Tuesday, 23 October 2018
Stowe & Atrium rooms (Stoweflake Mountain Resort )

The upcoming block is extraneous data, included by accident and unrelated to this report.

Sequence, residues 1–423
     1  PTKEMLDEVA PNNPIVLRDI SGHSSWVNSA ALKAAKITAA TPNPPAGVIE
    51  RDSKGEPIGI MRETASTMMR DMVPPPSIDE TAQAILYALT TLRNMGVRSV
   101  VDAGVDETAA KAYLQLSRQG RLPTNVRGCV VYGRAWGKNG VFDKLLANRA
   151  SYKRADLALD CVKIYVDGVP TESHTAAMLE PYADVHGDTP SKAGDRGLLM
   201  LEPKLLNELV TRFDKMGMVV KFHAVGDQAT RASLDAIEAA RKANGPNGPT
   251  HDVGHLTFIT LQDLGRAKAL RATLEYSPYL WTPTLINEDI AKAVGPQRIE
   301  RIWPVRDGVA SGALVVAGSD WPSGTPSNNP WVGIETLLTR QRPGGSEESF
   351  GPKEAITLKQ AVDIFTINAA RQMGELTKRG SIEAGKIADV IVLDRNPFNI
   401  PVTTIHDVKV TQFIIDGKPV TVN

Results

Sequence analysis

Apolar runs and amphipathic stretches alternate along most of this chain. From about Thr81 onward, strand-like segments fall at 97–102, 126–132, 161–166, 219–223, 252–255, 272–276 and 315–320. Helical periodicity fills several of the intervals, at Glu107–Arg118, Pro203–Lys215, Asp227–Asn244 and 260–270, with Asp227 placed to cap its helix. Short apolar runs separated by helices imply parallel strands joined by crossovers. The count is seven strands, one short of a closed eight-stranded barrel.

In the early 2000s, the Storm Prediction Center (SPC) began publicly issuing probabilistic convective outlooks for individual severe weather hazards after only issuing categorical outlooks in the preceding decades. Previous studies have evaluated the accuracy and skill of these categorical convective outlooks, and also forecasts of significant severe weather, using “practically perfect” forecasts as a no-skill baseline by which the skill of SPC forecasts could be assessed. The approach used by these studies was appropriate for forecasts that were designed to include all severe hazards, but for forecasts of heightened risk (e.g. 10% probability of tornadoes), issues arise. This study demonstrates a method by which probabilistic convective outlooks at all risk levels can be evaluated for accuracy and skill by discriminating between observed storm reports relative to each outlook area. Through this approach, “missed event” days can be determined, and information about the rate at which the SPC correctly issues these forecasts is presented. In addition, preliminary measures of skill and accuracy using the proposed method are calculated and compared with that which was used previously.
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